There are two main ways you could approach the act: as an opportunity to make needed changes or as an onerous piece of legislation. It goes without saying that if your business comes out of this consumer privacy flashpoint with its reputation intact, it is likely to be one of those that go far beyond just the letter of the law while making data transparency its priority.
As industry leaders and government officials continue to make strides toward privacy requirements, you should know that it is imperative that marketers do their own work in order to comprehend their data infrastructure and thoroughly prepare themselves for these new regulations which are likely to shake up their existing strategies.
Achieving CCPA Compliance
To ensure compliance with the California Consumer Privacy Act, businesses should take the following steps:
1. Establish Processes to Facilitate Consumer Requests
Your business needs to implement mechanisms to efficiently and effectively respond to all consumer requests to access as well as delete their personal data and opt out of having the data sold. It is worth noting that although CCPA will go into effect on January 1st, 2020, and consumers will have the legal right to their personal information from the preceding twelve months. This implies that your business will have to be prepared to offer this personal information dating back to January 1st, 2019, which highlights the importance of initiating compliance efforts early. Proactive companies will come out on top.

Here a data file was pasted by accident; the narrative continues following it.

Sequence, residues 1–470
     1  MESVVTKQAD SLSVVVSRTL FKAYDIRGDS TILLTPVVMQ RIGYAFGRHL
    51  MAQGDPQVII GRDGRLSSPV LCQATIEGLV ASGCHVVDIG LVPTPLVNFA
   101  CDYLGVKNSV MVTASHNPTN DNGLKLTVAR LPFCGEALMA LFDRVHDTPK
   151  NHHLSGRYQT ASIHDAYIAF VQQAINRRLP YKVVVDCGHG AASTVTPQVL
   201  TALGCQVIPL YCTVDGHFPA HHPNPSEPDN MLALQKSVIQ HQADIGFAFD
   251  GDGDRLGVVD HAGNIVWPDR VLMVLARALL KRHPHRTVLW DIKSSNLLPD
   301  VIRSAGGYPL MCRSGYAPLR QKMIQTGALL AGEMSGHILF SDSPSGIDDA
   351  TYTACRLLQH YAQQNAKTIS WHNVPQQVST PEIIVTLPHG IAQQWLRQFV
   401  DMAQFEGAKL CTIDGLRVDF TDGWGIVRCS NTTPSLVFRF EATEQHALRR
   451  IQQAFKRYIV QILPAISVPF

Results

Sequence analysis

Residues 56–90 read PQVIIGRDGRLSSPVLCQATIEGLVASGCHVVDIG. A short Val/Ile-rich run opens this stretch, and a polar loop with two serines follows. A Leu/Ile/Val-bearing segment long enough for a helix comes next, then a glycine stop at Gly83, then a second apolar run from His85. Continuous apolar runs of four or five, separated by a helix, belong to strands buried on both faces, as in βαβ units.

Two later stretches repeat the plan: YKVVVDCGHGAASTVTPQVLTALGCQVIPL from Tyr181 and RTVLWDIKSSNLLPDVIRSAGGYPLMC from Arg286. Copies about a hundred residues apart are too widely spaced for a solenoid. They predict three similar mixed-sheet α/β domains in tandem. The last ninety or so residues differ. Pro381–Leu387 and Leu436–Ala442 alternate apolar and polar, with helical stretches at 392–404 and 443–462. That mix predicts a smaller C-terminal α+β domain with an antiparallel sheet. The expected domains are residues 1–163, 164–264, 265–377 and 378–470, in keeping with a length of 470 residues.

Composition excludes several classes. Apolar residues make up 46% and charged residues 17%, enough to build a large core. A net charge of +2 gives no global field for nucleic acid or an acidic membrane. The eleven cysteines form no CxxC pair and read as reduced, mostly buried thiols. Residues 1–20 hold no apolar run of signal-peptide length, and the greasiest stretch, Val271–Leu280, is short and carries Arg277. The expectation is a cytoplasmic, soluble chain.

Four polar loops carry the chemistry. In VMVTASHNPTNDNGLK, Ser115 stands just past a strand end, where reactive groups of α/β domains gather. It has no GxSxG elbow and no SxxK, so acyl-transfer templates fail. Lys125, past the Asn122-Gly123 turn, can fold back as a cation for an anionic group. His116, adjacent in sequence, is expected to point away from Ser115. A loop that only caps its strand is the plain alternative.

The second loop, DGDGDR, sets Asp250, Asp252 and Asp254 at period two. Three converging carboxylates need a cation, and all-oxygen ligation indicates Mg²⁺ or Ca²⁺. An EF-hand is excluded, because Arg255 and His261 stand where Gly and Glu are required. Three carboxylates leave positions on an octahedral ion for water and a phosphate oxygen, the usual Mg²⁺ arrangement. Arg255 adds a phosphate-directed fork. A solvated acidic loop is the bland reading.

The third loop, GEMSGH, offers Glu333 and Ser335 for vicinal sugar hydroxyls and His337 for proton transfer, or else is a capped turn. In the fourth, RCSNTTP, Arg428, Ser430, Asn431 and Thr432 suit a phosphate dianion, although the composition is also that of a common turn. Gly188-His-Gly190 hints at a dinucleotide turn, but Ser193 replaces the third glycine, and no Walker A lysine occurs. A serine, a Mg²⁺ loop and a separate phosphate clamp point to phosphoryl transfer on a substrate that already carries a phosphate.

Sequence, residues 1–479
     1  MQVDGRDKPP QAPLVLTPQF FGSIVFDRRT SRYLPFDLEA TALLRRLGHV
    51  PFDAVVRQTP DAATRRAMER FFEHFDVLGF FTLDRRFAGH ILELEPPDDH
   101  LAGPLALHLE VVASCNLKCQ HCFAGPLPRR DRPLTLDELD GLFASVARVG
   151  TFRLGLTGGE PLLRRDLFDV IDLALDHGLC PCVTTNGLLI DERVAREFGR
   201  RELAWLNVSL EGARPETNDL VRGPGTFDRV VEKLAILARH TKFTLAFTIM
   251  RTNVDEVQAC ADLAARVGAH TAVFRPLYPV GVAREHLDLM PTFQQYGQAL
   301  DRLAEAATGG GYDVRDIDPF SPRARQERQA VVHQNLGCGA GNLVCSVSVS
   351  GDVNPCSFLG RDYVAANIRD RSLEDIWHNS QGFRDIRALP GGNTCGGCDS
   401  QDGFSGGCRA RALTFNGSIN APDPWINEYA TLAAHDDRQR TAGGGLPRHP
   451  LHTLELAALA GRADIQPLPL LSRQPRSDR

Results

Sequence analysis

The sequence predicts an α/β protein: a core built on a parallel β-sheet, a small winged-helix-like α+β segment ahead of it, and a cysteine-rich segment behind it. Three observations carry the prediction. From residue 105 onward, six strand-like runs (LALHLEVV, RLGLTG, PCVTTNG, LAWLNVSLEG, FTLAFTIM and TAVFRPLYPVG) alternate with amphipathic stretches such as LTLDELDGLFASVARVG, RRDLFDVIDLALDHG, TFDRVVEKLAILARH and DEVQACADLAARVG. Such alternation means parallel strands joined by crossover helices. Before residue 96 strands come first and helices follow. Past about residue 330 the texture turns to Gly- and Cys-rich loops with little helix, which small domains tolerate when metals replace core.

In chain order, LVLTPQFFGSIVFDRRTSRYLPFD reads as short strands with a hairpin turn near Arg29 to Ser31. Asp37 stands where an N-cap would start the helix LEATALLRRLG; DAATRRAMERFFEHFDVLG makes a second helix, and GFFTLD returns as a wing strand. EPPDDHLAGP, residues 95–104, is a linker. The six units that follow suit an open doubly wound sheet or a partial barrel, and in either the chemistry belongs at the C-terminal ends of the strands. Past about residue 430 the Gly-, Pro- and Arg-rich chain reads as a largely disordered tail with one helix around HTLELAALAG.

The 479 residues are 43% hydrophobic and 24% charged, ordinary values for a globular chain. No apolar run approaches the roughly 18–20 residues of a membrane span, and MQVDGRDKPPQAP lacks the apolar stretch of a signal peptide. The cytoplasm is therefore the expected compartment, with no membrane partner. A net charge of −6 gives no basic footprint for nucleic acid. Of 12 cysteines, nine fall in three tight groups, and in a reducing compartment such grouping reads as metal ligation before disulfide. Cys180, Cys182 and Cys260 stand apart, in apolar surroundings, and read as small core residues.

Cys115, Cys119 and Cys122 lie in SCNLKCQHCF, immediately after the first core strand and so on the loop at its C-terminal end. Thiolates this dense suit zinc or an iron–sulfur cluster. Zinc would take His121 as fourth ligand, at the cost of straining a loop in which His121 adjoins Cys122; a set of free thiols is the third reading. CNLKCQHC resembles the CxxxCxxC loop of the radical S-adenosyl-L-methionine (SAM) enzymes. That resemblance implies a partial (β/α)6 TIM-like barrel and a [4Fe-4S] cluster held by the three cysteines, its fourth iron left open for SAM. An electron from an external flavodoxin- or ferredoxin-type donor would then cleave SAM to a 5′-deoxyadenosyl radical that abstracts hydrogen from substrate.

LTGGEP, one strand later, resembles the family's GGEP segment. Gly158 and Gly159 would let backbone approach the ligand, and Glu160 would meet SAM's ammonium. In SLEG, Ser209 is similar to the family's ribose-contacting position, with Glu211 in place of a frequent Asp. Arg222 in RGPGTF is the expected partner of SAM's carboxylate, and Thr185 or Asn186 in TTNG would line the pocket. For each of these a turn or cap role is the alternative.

2. Reevaluate all the Data Fields on Your Customer Profiles and Forms
It is clear that the CCPA is an integral part of a major shift towards data transparency. This act spurs companies to make greater and better use of data that they collect directly from their customers which will help promote compliance with the act. For example, there might be information that you are currently collecting through third-parties that you can ask prospects and consumers directly. It is worth mentioning that longer and detailed forms can increase abandonment rates; however, smart and progressive profiling can help maximize completion rates if done at the right moments.
3. Bolster Vendor and Partner Controls and Evaluations
Many consumer experiences nowadays are enabled by a variety of APIs and SDKs. A majority of companies are likely to be considerably affected by the data collection, selling and sharing practices of both their vendors and partners under the California Consumer Privacy Act. This creates a need for corporate and legal teams to thoroughly vet all parties that are involved.